Fujifilm X-T1 full review
In offering an alternative to a full-sized semi-pro digital SLR, it’s no surprise Fuji’s smaller but no less well-built 16 megapixel X-T1 compact system camera (CSC) closely resembles an SLR in looks and construction. And at £1000 for this body-only camera, more so than any model to have so far graced the ‘X’ series.
It seems Fuji is attempting to expand the brand beyond current converts to its enticing mix of classic styling with cutting-edge technology. It’s a rich seam already successfully mined by Olympus’s OM-D range. Improved high-speed auto focus and compatibility with the latest fast-writing UHS II media cards suggests that the X-T1 will be suited not just to street photography, but to sports and wildlife photographers too. The latter audience will also appreciate the weather-resistant rating. We’re not talking about going diving with the camera here, but rather feeling confident when using it in the rain or where it might get splashed, as with Olympus’ competing OM-D E-M5. Such a feature further confirms its semi pro mettle.
Other selling points include an APS-C-sized CMOS sensor plus a large, immersive eye-level viewfinder, electronic rather than optical, but so highly detailed that the image it relates is virtually indistinguishable from a traditional viewfinder. With a magnesium-alloy build, this camera looks and feels like an expensive investment. It’s one that should deliver years of service.
The majority of the backplate is given over to a bright 3-inch LCD display with over a million dots of resolution that can be tilted up or down to help enable the framing of low- or high-angle shots. Yet the narrow top plate is fairly crammed with chunky rangefinder-like dials and smaller buttons dotted in between, including one for shooting 1920 x 1080-pixel video at 60 fps.
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There are three wheels in total, governing ISO speed, shutter speed and exposure compensation, with two of them encircled by secondary dials for adjusting drive mode or metering. For those who love a more tactile, manual feel, this is one camera that doesn’t involve drilling down into menu screens to tweak the essentials.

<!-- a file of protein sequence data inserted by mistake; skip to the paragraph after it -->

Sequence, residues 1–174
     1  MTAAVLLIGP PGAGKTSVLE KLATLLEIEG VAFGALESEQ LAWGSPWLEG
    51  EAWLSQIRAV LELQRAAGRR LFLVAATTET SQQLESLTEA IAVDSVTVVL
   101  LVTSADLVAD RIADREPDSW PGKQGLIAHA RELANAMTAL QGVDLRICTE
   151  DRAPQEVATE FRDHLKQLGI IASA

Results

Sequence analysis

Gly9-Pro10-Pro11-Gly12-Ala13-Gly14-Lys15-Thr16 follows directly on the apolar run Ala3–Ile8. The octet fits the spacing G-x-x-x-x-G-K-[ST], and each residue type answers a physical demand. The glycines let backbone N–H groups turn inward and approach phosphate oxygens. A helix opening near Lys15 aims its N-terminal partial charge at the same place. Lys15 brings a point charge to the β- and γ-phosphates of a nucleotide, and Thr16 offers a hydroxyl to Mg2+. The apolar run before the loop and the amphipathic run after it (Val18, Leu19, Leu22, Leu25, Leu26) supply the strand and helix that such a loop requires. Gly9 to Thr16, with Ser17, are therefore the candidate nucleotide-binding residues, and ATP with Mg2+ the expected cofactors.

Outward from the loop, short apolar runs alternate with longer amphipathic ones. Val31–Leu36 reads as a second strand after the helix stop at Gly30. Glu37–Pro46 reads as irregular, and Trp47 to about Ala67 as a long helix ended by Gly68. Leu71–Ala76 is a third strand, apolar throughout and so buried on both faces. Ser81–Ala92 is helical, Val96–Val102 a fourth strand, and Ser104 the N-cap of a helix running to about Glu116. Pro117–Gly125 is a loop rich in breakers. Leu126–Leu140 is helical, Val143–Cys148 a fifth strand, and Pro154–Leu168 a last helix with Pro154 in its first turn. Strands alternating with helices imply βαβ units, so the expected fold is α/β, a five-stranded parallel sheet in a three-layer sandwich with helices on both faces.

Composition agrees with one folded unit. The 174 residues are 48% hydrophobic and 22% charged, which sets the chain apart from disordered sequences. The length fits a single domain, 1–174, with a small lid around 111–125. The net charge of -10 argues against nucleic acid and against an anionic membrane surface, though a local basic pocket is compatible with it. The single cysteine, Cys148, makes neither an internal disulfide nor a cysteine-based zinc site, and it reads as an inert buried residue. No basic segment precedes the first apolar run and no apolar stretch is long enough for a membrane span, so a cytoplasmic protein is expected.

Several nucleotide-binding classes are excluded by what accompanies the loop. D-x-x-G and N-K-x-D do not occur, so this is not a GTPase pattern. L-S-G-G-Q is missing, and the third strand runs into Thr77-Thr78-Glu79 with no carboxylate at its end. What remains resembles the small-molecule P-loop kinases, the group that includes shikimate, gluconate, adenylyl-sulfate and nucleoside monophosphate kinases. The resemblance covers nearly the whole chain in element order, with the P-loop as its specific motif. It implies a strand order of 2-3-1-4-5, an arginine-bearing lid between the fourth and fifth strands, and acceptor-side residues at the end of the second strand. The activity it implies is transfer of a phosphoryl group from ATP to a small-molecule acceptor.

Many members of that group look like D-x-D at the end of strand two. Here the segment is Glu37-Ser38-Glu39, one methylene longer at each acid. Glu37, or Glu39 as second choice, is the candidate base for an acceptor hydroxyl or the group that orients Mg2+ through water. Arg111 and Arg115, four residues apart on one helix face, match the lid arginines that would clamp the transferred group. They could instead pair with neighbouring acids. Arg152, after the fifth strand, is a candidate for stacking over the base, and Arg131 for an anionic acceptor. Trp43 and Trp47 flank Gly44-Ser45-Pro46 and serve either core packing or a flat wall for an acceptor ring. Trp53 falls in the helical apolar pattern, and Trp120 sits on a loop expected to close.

The handgrip isn’t as large and comfortable as Samsung’s equally DSLR-like NX30. But the overall weight (around 440 g without lens), particularly after a 60 mm prime lens was attached, meant it didn’t feel like the camera would fly from our grasp at any point. In practice, when pressing our eye to the viewfinder we found our left-hand fingers intuitively grasped the lens barrel, further steadying grip.
As with the majority of digital cameras, busier scenes could confuse the auto focus and it was still not as lightning fast as the blurb would suggest. In truth this is really a camera for those who want to tweak settings and focus manually.
Do so and you’ll be rewarded with – if equipped with the 60 mm portrait lens – creamily smooth ‘bokeh’, whereby a narrow portion of the image is sharp and the rest gradually de-focused, which makes for stunningly artistic close ups.
Colours were realistically rendered whilst being punchy, and for most intents and purposes the results could be said to be of DSLR quality.